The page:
Blank Spaces by Cass Lennox. Romance involving art theft, set in Toronto. Ace protagonist (and ace author). (I think the characters were white but don’t remember now.)

    Grumpy Bear by Slade James – cute romance set in a clothing optional men’s campground, written by a gay man familiar with this sub-culture. The writing is a little uneven so read the sample first (white protagonists, very white setting)

    Work for It by Talia Hibbert. Angsty, opposites attracts goodness set in an English village. It’s part of a series but works as a standalone. (Black and white protagonists, pretty diverse characters.)

    Power Play (Scoring Chances #3) by Avon Gale. Probably my favorite book in my favorite mm hockey series. It’s set in the NHL minor leagues (don’t remember the official term). There are at least a bazillion mm hockey romance series. A lot of them require a suspension of disbelief because they’re set in some alt version of the NHL with (multiple!) openly gay pro players. This series mostly avoids that by not being set in the NHL. (Mostly white, because it’s hockey).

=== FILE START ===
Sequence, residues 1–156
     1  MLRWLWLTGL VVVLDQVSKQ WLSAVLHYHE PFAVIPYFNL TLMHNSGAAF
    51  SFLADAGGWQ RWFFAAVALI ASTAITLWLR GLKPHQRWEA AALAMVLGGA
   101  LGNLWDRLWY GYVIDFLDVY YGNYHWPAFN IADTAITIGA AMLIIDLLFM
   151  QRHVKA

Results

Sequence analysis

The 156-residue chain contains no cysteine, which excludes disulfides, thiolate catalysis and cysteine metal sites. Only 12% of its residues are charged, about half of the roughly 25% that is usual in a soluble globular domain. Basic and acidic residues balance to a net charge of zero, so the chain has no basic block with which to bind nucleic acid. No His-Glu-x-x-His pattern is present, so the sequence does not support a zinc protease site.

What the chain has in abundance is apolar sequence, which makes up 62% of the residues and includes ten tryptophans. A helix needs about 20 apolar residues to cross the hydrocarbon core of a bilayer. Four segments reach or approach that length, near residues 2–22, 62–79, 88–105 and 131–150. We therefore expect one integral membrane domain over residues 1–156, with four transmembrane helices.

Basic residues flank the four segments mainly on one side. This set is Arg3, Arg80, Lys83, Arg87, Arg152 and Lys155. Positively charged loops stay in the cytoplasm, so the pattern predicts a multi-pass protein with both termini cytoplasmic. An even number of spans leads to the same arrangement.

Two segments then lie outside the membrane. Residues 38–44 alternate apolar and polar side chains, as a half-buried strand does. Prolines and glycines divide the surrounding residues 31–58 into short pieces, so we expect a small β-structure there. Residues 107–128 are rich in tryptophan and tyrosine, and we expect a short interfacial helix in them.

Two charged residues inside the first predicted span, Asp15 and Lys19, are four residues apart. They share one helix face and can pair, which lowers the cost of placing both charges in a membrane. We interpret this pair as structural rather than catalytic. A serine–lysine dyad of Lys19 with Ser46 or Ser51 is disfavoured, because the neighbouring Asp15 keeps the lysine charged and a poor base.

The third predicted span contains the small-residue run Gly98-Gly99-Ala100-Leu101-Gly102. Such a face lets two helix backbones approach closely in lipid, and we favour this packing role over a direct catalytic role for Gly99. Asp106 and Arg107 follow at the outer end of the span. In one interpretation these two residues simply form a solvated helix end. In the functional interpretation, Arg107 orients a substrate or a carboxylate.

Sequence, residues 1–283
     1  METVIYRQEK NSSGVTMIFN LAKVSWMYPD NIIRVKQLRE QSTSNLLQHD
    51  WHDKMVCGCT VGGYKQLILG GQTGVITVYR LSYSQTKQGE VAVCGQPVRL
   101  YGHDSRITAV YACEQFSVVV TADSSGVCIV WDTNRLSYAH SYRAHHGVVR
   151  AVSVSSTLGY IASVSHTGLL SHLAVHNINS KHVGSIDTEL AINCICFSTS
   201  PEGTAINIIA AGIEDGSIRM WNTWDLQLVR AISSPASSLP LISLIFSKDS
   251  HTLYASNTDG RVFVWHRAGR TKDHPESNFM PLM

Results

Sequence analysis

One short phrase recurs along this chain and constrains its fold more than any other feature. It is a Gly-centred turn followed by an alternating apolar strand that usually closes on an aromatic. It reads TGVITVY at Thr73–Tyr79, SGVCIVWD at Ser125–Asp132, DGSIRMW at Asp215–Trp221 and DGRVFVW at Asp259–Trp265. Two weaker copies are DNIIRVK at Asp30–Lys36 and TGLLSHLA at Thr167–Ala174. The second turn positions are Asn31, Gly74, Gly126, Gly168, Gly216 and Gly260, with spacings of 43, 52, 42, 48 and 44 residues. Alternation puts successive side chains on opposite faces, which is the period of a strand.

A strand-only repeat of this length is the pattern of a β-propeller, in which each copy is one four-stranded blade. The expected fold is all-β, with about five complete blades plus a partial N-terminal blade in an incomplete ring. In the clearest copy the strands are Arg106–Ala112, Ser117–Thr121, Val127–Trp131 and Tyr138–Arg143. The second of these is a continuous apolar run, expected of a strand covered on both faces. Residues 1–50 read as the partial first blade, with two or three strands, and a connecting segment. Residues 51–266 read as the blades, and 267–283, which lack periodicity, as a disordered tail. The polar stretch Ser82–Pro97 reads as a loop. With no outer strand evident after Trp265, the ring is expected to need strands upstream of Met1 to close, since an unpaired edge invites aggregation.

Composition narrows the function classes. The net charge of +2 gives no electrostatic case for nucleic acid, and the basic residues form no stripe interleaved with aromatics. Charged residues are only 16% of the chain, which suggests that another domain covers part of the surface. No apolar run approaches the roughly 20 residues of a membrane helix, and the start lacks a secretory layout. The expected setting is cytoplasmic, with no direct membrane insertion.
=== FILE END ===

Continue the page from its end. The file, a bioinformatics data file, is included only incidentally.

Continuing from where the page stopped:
Gaymers series by Annabeth Albert. Fluffy, tropey fun set in a Seattle based gaming start up. (Mostly white but I think there’s a SE Asian protagonist in one of the books)

    Stupid Love by Riley Hart. Super duper tropey new adult romance set in Atlanta. (Black and white protagonists, diverse characters)

Contribute to the conversation...

Yay! You've decided to leave a comment. That's fantastic. Please keep in mind that comments are moderated by the guidelines laid out in our comment policy. Let's have a personal and meaningful conversation and thanks for stopping by!